As a second part of the talk, we will discuss a recent study on excited baryons, based on the extended chiral quark-soliton model. Since the confinement plays an essential role in describing the excited baryons, we consider the confining background field in addition to the pion mean field. To avoid the divergence in the quark level, we chop off the linearly-rising confining field at a certain value that is comparable to the quark mass. We discuss the mass spectra of the first excited baryons. We also discuss the theoretical puzzles on the mass ordering of N*(1440) and N*(1535) as well as N*(1535) and N*(1520).

3/28
15:00
RIKEN main Research Building, room 224
Rimantas Lazauskas (Université de Strasbourg, Flance)
On the possible existence of 4n resonances
I will discuss about the possibility for a four neutron system to posses a narrow resonance as suggested by a recent experimental result in RIKEN. Before discussing my own development, a short overview of the experimental and theoretical results concerning pure neutron systems will be presented.
Since any sensitive modification of the nucleon-nucleon (NN) potentials or on the leading contributions of the three-nucelon (NNN) forces affect strongly the nuclear chart, in our recent work we have introduced a phenomenological T = 3/2 three neutron force, in addition to a realistic NN interaction, as an artefact to accommodate a 4n nearthreshold states. We inquired what would be the strength of such a 3n force in order to generate a resonance compatible with the experimental findings. The reliability of the resulting three-neutron force in the T = 3/2 channel is examined, by analyzing its consistency with the low-lying T = 1 states of 4H, 4He and 4Li and the 3H + n scattering. Two independent configuration space methods are used in solving the four-body problem: the Gaussian expansion method to solve the Schrodinger equation and the Lagrangemesh technique applied to solve the Fadeev-Yakubowsky equation. The boundary conditions related to the four-body problem in the continuum are implemented by using the complex scaling method and the position of the 4n resonances in the complex energy-plane are determined.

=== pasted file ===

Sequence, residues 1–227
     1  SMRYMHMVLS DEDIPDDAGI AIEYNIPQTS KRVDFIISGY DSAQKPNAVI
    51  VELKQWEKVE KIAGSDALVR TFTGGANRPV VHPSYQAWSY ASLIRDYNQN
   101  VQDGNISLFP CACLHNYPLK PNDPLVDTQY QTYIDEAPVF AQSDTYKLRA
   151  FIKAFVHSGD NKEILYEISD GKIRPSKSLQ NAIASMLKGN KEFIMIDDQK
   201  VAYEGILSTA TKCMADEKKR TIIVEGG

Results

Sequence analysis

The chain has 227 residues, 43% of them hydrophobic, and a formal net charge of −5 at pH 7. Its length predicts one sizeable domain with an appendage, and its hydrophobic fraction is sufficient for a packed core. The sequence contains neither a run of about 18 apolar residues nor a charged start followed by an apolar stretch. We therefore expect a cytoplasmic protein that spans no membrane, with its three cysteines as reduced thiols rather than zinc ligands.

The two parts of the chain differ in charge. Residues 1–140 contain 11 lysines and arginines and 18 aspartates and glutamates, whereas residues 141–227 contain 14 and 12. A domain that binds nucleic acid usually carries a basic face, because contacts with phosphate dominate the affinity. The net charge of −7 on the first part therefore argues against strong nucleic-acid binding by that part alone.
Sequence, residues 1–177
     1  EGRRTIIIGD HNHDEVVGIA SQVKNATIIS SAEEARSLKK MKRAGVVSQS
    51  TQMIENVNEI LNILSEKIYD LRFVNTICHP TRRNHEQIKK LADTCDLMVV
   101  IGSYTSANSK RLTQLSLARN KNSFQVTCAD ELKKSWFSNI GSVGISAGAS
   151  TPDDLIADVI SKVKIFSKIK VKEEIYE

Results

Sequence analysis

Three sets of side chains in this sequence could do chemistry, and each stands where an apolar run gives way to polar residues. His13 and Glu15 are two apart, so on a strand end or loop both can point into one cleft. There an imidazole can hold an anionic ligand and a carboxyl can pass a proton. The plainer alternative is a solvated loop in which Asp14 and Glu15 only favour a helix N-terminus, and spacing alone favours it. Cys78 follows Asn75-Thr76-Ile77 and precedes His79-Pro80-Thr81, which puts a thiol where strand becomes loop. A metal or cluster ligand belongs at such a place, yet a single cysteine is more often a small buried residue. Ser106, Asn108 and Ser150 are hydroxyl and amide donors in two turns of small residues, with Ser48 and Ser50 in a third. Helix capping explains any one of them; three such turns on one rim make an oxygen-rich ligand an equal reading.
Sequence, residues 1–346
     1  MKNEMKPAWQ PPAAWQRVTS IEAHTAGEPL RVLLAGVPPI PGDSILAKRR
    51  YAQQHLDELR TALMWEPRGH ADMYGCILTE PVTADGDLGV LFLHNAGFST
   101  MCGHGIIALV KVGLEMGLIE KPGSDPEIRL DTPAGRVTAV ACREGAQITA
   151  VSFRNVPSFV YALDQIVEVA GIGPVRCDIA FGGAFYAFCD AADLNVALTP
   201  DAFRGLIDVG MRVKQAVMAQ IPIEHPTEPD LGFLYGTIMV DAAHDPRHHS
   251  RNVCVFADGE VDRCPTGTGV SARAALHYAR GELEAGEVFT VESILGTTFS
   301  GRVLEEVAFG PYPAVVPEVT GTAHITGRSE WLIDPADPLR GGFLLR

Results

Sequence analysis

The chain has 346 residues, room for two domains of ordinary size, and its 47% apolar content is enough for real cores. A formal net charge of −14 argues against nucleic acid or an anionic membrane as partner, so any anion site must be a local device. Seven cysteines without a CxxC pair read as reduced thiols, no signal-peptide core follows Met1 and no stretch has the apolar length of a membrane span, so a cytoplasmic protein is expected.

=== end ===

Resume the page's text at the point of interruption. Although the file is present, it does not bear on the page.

3/27
13:30
RIKEN main Research Building, room 224
Rimantas Lazauskas (Université de Strasbourg, Flance)
Some developments in few-particle scattering problem based on complex-scaling method
The solution of the scattering problem in configuration space is a very difficult task both from formal (theoretical) as well as from computational points of view. The principal difficulties are related with the complex structure of the systems wave function in the asymptotes, being result of either presence of multiple scattering channels or the systems breakup into three or more clusters. One is obliged to seek for the exact methods enabling to treat the multiparticle scattering problem by avoiding the explicit treatment of the systems wave-function at the boundaries.